Food service establishments, including bars, restaurants, food trucks, breweries, bakeries and wineries, are eligible for up to $10 million through funding made available by the American Rescue Plan. The United States Small Business Association released application information and guidelines on Monday for the funding that doesn’t need to be repaid if protocols are followed.
The American Rescue Plan established the Restaurant Revitalization Fund to help restaurants and other food service-related businesses to remain open after economic hardships endured during the COVID-19 pandemic. The program will provide business with funding equal to their pandemic-related revenue loss up to $10 million per business and no more than $5 million per physical location.
Recipients are not required to repay the funding as long as funds are used for eligible uses no later than March 11, 2023. The uses include business mortgage expenses, rent payments, outdoor seating construction or purchasing masks and other safety equipment.
Here’s everything business-owners need to know about the Restaurant Revitalization Fund and how to apply.
Who can apply?
- Food stands, food trucks, food carts
- Bars, saloons, lounges, taverns
- Snack and nonalcoholic beverage bars
- Bakeries, which have onsite sales to the public that account at least 33% of gross receipts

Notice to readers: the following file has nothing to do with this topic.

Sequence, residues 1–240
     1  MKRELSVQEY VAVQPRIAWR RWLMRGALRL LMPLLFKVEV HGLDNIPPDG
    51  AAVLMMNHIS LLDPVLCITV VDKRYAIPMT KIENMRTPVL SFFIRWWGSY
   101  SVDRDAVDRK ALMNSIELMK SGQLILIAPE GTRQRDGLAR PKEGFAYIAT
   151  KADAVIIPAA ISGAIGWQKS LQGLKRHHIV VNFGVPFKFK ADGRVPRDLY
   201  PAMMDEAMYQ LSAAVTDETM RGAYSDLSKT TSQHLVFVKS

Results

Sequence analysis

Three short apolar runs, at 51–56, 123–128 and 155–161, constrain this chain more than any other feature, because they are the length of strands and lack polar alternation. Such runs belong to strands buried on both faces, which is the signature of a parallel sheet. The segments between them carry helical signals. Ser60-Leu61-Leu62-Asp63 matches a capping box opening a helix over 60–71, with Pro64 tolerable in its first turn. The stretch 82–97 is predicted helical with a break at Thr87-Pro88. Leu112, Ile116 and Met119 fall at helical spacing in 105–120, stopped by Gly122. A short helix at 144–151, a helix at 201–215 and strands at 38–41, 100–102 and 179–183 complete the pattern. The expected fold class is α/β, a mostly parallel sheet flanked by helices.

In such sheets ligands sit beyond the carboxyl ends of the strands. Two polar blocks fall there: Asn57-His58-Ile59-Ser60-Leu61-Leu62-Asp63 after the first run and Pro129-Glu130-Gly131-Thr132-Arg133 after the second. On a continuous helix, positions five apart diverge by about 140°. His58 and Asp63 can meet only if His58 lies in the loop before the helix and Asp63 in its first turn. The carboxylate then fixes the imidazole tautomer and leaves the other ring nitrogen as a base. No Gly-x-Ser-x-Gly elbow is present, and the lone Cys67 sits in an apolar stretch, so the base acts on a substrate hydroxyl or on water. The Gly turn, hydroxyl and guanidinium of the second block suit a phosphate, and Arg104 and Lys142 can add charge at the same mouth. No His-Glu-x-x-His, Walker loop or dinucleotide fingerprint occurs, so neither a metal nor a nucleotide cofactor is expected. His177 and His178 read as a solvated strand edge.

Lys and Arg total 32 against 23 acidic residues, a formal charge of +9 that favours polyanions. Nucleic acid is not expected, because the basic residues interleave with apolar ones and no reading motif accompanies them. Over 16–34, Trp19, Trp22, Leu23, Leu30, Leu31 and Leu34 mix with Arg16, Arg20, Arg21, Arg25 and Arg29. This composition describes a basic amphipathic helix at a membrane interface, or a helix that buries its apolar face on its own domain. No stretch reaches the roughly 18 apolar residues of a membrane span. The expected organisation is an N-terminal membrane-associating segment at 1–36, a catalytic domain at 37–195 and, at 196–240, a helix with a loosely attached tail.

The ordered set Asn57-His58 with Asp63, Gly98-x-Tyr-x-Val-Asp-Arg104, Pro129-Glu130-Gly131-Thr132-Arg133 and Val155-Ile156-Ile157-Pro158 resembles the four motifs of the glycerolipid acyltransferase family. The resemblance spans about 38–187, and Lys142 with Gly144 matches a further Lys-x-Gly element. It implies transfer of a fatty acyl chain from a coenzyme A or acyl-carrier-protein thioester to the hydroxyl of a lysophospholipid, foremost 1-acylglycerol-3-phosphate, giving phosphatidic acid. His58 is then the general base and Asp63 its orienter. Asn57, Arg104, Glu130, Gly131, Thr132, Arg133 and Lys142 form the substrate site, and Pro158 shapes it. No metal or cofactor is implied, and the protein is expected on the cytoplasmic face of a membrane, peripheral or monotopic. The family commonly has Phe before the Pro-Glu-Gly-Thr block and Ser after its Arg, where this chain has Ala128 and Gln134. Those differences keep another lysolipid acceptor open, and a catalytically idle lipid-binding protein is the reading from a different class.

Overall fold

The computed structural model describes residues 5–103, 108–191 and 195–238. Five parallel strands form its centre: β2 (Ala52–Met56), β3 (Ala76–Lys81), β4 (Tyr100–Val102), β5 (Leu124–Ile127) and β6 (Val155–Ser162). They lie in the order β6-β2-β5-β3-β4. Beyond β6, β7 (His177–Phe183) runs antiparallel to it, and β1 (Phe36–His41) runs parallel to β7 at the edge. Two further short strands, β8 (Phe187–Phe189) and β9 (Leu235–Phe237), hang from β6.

- Brewpubs, tasting rooms, taprooms, which have onsite sales to the public that account at least 33% of gross receipts
- Breweries and/or microbreweries, which have onsite sales to the public that account at least 33% of gross receipts
- Wineries and distilleries, which have onsite sales to the public that account at least 33% of gross receipts
- Inns, which have onsite sales to the public that account at least 33% of gross receipts
- Licensed facilities or premises of a beverage alcohol producer where the public may taste, sample, or purchase products
How to apply
Businesses can apply through a Small Business Association-recognized Point of Sale Restaurant Partner or directly online when the program launches within the next couple of weeks. The SBA will be establishing a web portal for all applications.
A sample application can be found here.
The application will require the following documents:
- Verification for Tax Information: IRS Form 4506-T, completed and signed by the applicant. Applicants can complete this form online on the SBA platform to satisfy this requirement.
- Gross Receipts Documentation, including any of the following documents to demonstrate gross receipts and, if applicable, eligible expenses: Business tax returns (IRS Form 1120 or IRS 1120-S); IRS Forms 1040 Schedule C; IRS Forms 1040 Schedule F; For a partnership: partnership’s IRS Form 1065 (including K-1s); Bank statements; Externally or internally prepared financial statements such as Income Statements or Profit and Loss Statements -—Point of sale report(s), including IRS Form 1099-K
- Brewpubs, tasting rooms, taprooms, breweries, wineries, distilleries, bakeries and inns must provide documents that onsite sales accounted for at least 33% of gross receipts for 2019. For businesses that opened in 2020, the applicant’s original business model should have included at least 33% of gross receipts in onsite sales to the public.